The jazzy pre-Beatles score. The dancers in t-shirts portraying boyish hoodlums whirling across a stage to ballet-like choreography in a street scene recalling New York in a bygone age. Yes, it could only be “West Side Story.”
This show launched a Broadway revolution in the 1950s. Pop culture trends fade, and by the 1970s, “West Side Story” felt increasingly dated, even hokey.
But now the whirligig of time has turned again. The teenage hoodlums with goofy nicknames look almost like naughty choirboys, at least early on. And the swift, tragic fate of the teenage lovers plays well in any era.
In this production the pit orchestra puts zing into Leonard Bernstein’s famous score. The dance scenes pop with athleticism and energy. And the actors playing the young lovers – Justin Matthew Sargent and Carolann Sanita, who has a classically-trained voice – bring the requisite warmth and intensity to their brief, doomed relationship.
But the performer most likely to capture your heart is Desireé Davar. She plays the feisty Puerto Rican beauty Anita with a mix of impressive muscular strength, and an immigrant’s steely determination to succeed – a powerful and attractive blend. And immigration, of course, is now a hot political issue.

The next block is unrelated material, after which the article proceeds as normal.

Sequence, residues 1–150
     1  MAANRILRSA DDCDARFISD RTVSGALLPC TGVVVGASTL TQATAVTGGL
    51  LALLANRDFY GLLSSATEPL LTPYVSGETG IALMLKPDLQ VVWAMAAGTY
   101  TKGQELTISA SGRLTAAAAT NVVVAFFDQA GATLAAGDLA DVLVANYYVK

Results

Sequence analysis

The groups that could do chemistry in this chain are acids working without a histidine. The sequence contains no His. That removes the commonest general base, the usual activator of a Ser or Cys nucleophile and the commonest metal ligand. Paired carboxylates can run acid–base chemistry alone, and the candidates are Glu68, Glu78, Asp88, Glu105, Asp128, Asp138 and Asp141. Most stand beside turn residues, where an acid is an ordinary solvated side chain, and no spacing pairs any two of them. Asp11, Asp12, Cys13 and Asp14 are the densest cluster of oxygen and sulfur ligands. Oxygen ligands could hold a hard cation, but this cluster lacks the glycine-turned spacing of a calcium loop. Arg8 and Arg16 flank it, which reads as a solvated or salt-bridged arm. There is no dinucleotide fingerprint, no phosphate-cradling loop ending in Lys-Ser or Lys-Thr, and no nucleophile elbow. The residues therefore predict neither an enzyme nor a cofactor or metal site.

All in all, this is a superior production. And you know what? As “West Side Story” approaches its 60th anniversary, this infectious Music Circus production proves there’s plenty of memorable music and contemporary kick in this show from the Eisenhower Era.
The Music Circus production of “West Side Story” continues at the Wells Fargo Pavilion in Sacramento through Sunday, August 9th.
Check out this NPR story about "West Side Story" from 2009.
And check out this "story behind the story."
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